Wednesday 24 January 2018

Taoiseach Enda Kenny defends government U-turn on 88 public sector allowances

Lyndsey Telford

THE TAOISEACH has defended a Government U-turn to scrap almost 90 allowances paid to public sector workers.

The cuts will affect gardai, nurses, teachers and other frontline workers, but Enda Kenny claimed they will result in maximum savings from the public sector pay bill.

He stood by Public Expenditure Minister Brendan Howlin's decision to slash up to 88 allowances in the cost-cutting exercise.

They have not said how much will be saved and are in talks with the body which oversees the implementation of the Croke Park Agreement on pay to discuss which government departments they can apply pressure on to abolish allowances.

Mr Kenny said: "We know that some allowances that are going to go over the years are part of core pay.

"There are a whole range of allowances and other areas within Croke Park that I believe can be actioned and progressed to bring about maximum savings."

Mr Kenny said he and Mr Howlin had analysed reports compiled by individual departments identifying increments that should be chopped in a bid to make further cuts from the overall 14 billion euro public sector pay bill.

"I propose to give the implementation body the evidence of what we believe can be squeezed from Croke Park in order to maximise savings," he added.

Earlier, Mr Howlin told the Dail's public accounts committee the Government would look into simplifying how gardai, teachers, firefighters and the army are paid to avoid confusion between allowances and core pay.

He said there were difficulties in identifying which allowances were eligible for cutting, because they often formed such a large chunk of the individual's overall pay.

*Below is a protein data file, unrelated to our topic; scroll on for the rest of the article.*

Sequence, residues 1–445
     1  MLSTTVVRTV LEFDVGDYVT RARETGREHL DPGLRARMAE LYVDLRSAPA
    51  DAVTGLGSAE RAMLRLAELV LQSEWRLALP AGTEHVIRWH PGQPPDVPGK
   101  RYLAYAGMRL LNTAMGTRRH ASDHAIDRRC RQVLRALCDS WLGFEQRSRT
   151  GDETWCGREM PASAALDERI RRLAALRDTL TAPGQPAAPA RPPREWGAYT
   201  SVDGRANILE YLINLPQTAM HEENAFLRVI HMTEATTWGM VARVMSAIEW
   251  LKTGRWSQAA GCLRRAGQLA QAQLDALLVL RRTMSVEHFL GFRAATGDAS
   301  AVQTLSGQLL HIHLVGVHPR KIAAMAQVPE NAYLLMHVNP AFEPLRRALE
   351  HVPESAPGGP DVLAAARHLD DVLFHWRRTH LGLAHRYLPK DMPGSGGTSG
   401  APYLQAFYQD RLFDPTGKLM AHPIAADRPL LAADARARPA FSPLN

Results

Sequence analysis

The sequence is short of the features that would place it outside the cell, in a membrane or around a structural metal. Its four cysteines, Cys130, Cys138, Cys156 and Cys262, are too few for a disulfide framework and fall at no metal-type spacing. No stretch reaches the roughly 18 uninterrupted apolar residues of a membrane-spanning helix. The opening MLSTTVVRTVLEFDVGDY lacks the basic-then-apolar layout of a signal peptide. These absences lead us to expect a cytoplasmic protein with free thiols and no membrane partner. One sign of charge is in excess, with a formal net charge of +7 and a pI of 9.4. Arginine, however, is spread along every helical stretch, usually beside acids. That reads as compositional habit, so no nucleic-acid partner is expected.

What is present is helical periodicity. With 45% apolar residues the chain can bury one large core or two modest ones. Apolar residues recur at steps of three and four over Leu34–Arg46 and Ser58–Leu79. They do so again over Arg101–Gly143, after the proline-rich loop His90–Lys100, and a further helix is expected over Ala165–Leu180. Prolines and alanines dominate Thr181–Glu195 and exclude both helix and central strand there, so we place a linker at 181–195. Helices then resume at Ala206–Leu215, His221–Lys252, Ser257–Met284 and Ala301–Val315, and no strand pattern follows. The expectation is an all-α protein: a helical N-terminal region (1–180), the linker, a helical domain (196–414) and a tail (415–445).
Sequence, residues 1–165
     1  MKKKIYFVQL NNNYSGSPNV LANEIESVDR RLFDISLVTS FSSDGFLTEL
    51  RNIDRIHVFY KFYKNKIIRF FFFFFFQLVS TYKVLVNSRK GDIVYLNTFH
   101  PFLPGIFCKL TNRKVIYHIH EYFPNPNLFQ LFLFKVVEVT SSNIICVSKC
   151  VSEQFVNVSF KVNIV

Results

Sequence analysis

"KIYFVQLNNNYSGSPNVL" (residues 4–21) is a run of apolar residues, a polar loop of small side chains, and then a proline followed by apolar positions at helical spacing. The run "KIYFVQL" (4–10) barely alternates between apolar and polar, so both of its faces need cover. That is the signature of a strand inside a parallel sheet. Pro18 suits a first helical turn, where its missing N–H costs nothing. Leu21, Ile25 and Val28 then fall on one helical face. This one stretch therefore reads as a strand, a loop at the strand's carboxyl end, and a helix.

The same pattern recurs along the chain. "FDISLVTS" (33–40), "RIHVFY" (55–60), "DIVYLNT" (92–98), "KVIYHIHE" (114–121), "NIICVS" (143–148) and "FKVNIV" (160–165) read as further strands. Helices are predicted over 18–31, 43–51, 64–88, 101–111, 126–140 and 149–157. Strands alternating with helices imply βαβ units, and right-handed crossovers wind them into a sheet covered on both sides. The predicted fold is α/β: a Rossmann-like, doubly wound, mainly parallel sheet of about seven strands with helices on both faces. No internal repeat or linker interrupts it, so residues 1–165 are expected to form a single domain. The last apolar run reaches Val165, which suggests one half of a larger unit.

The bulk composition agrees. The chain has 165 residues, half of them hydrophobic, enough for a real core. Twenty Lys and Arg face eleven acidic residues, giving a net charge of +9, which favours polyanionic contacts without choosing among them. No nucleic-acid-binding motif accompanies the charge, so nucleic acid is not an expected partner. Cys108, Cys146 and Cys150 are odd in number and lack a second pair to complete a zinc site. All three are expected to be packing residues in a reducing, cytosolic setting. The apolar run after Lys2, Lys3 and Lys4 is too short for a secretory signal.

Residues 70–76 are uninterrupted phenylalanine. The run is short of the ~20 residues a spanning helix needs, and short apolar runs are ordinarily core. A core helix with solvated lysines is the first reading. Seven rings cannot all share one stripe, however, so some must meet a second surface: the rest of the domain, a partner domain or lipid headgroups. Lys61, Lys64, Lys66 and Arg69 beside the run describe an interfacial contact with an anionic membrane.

"It would neither be practical or reasonable to attempt to take away unilaterally such a large additional element of these public servants' pay - in effect applying an additional pay cut just to those key groups," Mr Howlin said of those on the frontline.

He said there had been a lack of transparency in the way those groups were paid.

"There are 180 classes of allowances that we have determined politically and objectively that there isn't a sustainable business case for," he said.

"But we could not take the bulk of those away instantly because it would be taking core pay."

The Department for Public Expenditure and Reform pays out 1,100 allowances a year, at a cost of €1.5bn.

But unions have warned that removing allowances from serving public servants is in breach of Croke Park, which took effect in 2010 and will stay in place until next year.

Siptu's Patricia King said a move to cut public service allowances was an attack on low-paid workers.

Liam Doran, of the Irish Nurses and Midwives Organisation (INMO), claimed the payments are an integral part of the core pay of many grades in the health service.

"Almost without exception these grades, groups and categories of staff are in the frontline of health service delivery, and have already borne the brunt of previous pay cuts, increased demands for services and depletion of staffing levels," he said.

"They cannot be expected to take any further cuts in their weekly/monthly pay and the Government must reverse its current strategy on this matter."

Elsewhere, employers' group IBEC said savings could be made in the public sector bill by getting staff to work longer hours.

Mr Howlin's fresh decision to scrap allowances is a U-turn from a shock announcement last month that he could only identify one allowance eligible for cutting.

He had initially planned to shave €75m from the public pay bill, but only managed to save about €3.5m.

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